A few months ago we covered a very interesting indie horror game currently in development entitled Imperfect. Now that the demo is available, we thought it would be a good time to sit down with solo developer Walter Woods and delve into the process behind the creation of the game.
Walter Woods is an independent game developer and professor at SCAD. He comes from a background in architecture and brings that passion and sensibility into his games. Imperfect will be Walter’s second published title.
Walter Woods: Yeah, thank you!
ROH: First off, please introduce yourself and tell us a little bit about yourself.
Walter Woods: I’m from Savannah, Georgia. That’s kind of where I grew up. I was educated in architecture and have a master’s degree in architecture. I practiced architecture in Boston for a number of years. I was always interested in world-building. I think that’s why I got into architecture for the purpose of building worlds, building spaces, and expressing myself through spaces in history, geometry, and light. I really loved that aspect of it. In the practice of architecture, you don’t always get to do that as much.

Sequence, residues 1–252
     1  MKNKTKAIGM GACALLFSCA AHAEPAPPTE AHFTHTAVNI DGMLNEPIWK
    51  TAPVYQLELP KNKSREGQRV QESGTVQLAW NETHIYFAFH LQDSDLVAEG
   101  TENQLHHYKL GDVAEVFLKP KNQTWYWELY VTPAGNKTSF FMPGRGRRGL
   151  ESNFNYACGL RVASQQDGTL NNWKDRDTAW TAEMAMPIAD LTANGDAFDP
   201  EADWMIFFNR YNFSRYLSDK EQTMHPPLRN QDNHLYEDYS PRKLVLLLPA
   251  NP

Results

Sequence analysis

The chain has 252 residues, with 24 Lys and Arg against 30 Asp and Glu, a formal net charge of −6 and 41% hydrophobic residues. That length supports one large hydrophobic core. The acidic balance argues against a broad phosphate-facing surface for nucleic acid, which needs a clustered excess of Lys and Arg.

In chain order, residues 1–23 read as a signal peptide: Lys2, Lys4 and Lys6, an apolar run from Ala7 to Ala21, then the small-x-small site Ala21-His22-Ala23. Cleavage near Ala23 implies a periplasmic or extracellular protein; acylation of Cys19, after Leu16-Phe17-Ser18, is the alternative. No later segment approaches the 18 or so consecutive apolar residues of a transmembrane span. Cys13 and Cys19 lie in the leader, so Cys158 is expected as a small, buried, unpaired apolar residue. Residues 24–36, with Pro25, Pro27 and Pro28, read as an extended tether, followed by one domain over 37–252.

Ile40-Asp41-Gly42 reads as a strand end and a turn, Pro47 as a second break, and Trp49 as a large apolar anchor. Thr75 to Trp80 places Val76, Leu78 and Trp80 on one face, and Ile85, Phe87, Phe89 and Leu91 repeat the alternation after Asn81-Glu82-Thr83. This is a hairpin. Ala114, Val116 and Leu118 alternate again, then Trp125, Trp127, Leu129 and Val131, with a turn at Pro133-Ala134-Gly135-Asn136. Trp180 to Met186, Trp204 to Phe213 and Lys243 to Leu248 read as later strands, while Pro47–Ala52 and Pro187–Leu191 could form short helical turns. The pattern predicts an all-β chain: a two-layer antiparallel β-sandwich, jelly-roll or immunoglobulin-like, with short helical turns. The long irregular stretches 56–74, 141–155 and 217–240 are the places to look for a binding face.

I was really interested in architectural visualization, which meant that I was using game engines. The new cool thing at that time was to use game engines, like Unreal Engine to visualize your architecture. So, I had a skill set already in the game space. What ended up happening is I met a programmer up in Boston who inspired me and taught me how to code. We started a studio together and just went full-time doing games and VR and all kinds of stuff ever since.
ROH: I always wanted to go to SCAD for traditional 2D animation, but never got the chance. I’m quite jealous. Tell us how you came to be involved with the College.